It turns out that those nice folks at the MPAA are only out to help us - witness Dan Glickman's op-ed piece:
As CEO of the Motion Picture Association of America, my principal concern is protecting the magic of the movies. So why should I care about a so-called broadcast flag regulation?
The answer is simple. I want to make certain that the American people will continue to have the opportunity to see our movies and television shows on free television in the digital age.
That's right folks - he's concerned about the three people left in the US who aren't watching via satellite or cable - apparently they are the source of massive piracy that can only be ended via the broadcast flag. But wait, he's not done - he's out to show us how technically literate he is too:
the broadcast flag is to assure a continued supply of high-value programming to off-air digital television consumers. Failure to implement the broadcast flag on the July 1 date will be a significant step backward in the transition to digital television. It would also lead to unnecessary confusion in the marketplace, since most television manufacturers have already changed their production to incorporate broadcast flag technology.
Oh gosh - if all those flag ready devices detect a steady stream of zeroes instead of the occasional one, we'll all be doomed - it'll be cats and dogs sleeping together, 40 days and 40 nights, and that worst of all possible things - fair use. We can't have that - Dan's there, ready to protect us from a fate worse than death. It's better - why, the broadcast flag is so smart, it can tell how things are being copied, and whether we've been naughty or nice:
Some say that this regulation would take away TiVo, but in fact, the FCC has certified a TiVo implementation of the broadcast flag. The broadcast flag does not inhibit copying, nor does it prevent redistribution of programming over a personal home network; it only restricts unauthorized redistribution of programming over the Internet and other digital networks.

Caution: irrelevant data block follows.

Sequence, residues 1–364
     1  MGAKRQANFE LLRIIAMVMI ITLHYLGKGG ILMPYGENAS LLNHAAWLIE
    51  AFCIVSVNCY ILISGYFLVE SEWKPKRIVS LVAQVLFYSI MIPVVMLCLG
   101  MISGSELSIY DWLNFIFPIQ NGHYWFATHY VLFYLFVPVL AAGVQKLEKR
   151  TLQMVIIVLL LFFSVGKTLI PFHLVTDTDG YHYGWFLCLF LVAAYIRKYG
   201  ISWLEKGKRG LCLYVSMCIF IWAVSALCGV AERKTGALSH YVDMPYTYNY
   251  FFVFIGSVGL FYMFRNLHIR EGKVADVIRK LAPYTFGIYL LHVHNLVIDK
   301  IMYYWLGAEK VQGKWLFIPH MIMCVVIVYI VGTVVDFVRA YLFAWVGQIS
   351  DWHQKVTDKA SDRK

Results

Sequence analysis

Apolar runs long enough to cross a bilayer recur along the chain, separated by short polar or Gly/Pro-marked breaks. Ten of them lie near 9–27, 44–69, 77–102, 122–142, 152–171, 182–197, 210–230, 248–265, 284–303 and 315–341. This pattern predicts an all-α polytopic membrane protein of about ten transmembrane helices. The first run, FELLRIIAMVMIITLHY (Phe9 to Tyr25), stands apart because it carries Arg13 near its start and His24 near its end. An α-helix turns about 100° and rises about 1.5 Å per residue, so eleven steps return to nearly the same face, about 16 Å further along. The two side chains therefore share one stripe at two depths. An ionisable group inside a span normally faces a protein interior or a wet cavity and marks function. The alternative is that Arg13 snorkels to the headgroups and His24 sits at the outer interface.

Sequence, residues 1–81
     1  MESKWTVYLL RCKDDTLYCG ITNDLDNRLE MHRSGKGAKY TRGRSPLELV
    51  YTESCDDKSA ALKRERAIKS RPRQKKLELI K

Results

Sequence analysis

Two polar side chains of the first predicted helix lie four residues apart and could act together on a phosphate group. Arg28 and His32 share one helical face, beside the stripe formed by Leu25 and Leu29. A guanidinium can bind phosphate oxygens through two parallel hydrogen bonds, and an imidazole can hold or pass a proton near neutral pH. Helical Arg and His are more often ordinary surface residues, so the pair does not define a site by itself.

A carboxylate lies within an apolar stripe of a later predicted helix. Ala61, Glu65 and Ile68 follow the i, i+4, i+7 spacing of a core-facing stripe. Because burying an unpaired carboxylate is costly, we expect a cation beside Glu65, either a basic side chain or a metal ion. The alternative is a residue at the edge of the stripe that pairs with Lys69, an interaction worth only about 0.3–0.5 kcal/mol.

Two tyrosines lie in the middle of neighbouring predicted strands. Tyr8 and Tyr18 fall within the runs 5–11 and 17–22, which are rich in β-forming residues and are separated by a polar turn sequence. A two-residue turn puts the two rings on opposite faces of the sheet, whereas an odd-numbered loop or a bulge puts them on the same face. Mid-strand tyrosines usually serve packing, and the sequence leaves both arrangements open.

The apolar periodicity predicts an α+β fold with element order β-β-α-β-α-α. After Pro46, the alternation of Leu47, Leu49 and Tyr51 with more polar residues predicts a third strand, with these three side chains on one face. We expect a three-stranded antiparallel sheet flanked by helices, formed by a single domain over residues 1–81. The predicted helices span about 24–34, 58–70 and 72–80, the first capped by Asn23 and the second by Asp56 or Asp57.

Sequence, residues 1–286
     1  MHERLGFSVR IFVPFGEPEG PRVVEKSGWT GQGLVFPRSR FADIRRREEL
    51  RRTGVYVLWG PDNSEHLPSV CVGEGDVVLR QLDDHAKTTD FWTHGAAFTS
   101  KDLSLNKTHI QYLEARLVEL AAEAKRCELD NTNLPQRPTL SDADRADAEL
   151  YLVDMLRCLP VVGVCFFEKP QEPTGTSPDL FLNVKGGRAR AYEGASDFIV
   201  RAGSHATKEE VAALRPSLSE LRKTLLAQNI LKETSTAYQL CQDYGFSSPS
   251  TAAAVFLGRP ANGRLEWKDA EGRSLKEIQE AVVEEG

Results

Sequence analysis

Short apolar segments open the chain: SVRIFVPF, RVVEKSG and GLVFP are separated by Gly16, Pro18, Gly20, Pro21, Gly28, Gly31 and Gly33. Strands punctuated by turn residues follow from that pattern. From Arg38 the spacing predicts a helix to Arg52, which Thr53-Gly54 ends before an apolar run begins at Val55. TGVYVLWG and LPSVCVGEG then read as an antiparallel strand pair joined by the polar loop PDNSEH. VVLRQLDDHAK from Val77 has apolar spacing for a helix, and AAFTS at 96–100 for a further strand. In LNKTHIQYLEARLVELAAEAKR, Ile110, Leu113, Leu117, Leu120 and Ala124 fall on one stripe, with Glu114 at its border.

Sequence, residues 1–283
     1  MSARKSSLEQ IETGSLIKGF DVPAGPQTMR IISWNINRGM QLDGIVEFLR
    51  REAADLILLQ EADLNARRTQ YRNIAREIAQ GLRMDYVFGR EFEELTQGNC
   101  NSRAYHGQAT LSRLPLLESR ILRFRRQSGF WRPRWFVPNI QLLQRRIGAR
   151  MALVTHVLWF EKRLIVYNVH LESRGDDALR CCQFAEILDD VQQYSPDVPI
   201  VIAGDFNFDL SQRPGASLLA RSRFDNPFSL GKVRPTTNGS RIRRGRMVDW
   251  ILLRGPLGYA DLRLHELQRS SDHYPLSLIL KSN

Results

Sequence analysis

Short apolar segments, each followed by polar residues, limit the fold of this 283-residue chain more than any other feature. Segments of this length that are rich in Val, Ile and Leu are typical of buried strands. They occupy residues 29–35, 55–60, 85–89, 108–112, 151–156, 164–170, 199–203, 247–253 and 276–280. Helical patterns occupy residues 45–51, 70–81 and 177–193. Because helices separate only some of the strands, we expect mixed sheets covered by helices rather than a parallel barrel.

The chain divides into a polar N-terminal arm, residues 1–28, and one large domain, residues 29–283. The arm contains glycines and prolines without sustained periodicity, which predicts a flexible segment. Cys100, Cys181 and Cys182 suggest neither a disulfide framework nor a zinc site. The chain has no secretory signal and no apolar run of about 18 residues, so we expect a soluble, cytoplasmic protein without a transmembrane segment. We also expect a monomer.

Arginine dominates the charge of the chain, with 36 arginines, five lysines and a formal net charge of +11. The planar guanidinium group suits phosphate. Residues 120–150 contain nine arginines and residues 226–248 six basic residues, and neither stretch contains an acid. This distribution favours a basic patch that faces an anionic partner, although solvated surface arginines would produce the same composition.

That's right folks - it will only restrict copying on the WAN - copy to your hearts content on the local LAN. What's that you say? An ssh tunnel defeats that, so pretty much all copying would have to be banned? Perish the thought - the MPAA and Dan are out to help us. And it looks like we'll all suffer for our arrogant desire for fair use - the MPAA is just going to take it's ball and go home:
Our companies want to continue to show their movies and television shows to viewers who don't or can't subscribe to cable or satellite systems. But without the broadcast flag, that option will look less and less appealing. In the end, it will be the consumers who suffer the most if the broadcast flag is not mandated for the digital era.
He's right about who'll suffer - if twits like Glickman and the MPAA get their way, all of us will suffer. Fair Use? It'll be a distant memory.